In his February 19, 2014 decision in Pivarnick v. Pivarnick, Judge Strainiere, held that Small Claims Court was without subject matter jurisdiction to enforce a divorce settlement agreement.

Doing so, he vacated an arbitrator’s $4,000 award to an ex-wife for counsel fees she incurred in connection with her submission to the Supreme Court of a proposed Qualified Domestic Relations Order to implement a division of the ex-husband’s pension and her defense of the ex-husband’s motion to dismiss that proposed QDRO. The ex-wife had cross-moved for sanctions “in the form of ‘attorneys’ fees for his engagement in frivolous conduct.’” Those post-divorce Supreme Court submissions were resolved by a so-ordered stipulation under which the entitlement of the ex-wife to share in the ex-husband’s pension was restated. No reference in the stipulation was made to the wife’s “attorneys’ fee claim” by cross-motion.

Thereafter, the ex-wife sought her counsel fees in Small Claims Court. The arbitrator had awarded the claimant legal fees in the amount of $4,000.00 and dismissed the defendant’s counterclaim for his own counsel fees.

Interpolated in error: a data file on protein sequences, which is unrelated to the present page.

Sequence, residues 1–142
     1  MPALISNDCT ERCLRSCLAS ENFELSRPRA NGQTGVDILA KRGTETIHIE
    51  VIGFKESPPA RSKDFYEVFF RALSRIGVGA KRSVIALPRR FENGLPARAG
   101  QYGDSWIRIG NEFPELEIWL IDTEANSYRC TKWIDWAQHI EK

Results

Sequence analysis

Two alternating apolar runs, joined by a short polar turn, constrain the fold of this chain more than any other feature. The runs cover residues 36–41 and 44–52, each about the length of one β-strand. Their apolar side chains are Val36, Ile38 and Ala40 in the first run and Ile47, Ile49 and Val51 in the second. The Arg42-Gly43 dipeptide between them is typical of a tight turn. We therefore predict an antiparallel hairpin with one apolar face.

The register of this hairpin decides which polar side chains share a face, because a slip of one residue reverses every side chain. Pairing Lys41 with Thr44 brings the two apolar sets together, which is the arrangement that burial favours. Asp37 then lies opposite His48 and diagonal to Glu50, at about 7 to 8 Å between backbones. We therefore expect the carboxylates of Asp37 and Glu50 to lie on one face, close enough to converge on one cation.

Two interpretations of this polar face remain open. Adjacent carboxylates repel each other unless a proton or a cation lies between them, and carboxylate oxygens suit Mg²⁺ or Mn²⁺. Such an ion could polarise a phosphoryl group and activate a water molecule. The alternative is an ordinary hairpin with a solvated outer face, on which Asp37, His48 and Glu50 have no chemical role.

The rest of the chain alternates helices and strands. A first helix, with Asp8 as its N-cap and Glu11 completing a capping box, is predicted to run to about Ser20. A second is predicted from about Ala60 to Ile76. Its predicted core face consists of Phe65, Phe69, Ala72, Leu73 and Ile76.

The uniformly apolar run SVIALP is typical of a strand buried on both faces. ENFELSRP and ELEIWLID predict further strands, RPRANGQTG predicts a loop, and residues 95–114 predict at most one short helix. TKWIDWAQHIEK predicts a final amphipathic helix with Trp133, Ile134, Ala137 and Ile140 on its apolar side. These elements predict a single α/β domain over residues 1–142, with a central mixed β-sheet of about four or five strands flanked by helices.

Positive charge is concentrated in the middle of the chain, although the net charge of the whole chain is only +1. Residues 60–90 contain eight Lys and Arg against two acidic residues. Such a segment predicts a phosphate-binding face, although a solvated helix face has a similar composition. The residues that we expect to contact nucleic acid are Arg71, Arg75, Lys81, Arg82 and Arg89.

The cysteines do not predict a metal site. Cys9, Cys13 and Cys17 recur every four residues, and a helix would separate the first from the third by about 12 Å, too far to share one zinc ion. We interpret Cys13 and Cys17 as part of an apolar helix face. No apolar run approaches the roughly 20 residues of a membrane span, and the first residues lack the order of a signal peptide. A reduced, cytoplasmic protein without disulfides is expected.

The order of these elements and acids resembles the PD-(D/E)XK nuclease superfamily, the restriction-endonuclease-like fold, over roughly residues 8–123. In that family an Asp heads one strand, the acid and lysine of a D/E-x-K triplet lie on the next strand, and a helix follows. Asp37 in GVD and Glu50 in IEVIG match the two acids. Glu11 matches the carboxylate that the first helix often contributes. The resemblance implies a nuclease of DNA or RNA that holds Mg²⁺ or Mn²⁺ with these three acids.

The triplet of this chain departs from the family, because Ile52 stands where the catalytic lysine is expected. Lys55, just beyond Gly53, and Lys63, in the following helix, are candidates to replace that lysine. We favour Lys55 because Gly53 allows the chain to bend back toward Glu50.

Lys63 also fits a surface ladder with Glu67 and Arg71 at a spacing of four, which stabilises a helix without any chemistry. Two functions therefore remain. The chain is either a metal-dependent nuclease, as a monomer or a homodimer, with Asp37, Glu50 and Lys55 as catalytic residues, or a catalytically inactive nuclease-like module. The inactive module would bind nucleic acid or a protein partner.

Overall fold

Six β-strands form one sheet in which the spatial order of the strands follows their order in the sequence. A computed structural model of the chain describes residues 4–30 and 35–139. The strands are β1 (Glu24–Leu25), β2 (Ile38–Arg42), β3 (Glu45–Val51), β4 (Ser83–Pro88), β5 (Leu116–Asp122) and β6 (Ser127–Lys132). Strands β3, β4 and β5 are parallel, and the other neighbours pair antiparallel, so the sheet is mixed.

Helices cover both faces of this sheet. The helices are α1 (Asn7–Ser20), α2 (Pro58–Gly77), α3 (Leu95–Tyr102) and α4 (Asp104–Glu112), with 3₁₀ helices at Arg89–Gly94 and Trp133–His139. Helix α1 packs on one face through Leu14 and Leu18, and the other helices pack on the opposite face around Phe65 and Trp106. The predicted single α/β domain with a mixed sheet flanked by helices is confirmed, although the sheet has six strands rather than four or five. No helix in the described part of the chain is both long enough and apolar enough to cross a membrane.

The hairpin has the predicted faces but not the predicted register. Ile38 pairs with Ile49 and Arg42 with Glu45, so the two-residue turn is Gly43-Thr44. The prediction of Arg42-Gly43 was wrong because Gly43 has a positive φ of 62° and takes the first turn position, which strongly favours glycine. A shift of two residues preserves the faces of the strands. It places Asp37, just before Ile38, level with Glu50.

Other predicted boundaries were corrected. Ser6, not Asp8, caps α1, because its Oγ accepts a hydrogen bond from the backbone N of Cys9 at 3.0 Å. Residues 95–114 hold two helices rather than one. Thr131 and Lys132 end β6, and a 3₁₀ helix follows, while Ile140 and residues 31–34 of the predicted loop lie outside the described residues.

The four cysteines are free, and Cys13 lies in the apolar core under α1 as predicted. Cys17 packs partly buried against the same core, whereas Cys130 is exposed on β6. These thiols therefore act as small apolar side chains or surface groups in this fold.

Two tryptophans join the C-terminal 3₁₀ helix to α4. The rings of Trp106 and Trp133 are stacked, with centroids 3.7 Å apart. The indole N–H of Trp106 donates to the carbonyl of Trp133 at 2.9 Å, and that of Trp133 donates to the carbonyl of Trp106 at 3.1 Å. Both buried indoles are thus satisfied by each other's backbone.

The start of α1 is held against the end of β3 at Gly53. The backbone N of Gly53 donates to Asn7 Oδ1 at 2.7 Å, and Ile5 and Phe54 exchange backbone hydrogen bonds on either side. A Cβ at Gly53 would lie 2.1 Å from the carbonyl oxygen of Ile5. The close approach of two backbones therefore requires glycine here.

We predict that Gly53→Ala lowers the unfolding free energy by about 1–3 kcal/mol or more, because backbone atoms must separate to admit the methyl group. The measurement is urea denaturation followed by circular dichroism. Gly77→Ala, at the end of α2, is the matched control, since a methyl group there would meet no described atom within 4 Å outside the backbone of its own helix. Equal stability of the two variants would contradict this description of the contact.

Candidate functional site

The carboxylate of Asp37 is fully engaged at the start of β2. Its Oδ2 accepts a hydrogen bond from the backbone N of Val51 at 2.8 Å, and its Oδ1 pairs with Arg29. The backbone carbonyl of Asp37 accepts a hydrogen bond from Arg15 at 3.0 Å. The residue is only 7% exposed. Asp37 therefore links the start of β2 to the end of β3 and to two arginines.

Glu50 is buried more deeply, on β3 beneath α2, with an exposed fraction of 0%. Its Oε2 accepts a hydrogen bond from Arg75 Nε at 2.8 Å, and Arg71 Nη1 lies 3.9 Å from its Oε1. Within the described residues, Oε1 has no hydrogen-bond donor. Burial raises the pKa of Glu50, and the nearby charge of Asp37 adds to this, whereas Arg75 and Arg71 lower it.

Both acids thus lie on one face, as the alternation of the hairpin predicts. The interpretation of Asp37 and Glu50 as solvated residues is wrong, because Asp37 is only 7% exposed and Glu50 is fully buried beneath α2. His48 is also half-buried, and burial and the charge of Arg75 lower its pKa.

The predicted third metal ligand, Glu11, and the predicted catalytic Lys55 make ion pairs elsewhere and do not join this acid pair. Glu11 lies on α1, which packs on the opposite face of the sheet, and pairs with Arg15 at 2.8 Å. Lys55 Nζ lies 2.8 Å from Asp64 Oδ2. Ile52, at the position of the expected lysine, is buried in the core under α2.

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What is a “mandatory” college expense to be shared by the parents?

In its January 15, 2014 decision in Shaughnessy v. Cox, the Second Department upheld the order of Nassau County Family Court Judge Robin M. Kent (which in turn upheld the determination of Support Magistrate Neil Miller) directing the father to pay 50% of the college expenses of the parties’ children regardless of their emancipation. The parties’ stipulation of settlement of their divorce action so provided. Moreover, the father’s obligation included the repayment of expenses which were paid from the proceeds of student loans.

However, Magistrate Miller had required the father to pay those expenses “upon the mother’s presentation of proper documentation directly to him . . . .” This, the Second Department held was error. Rather, the documentation should be provided by the mother first to the Family Court. The Court would determine whether the expenses were mandatory and, therefore, payable by the father pursuant to the parties’ agreement.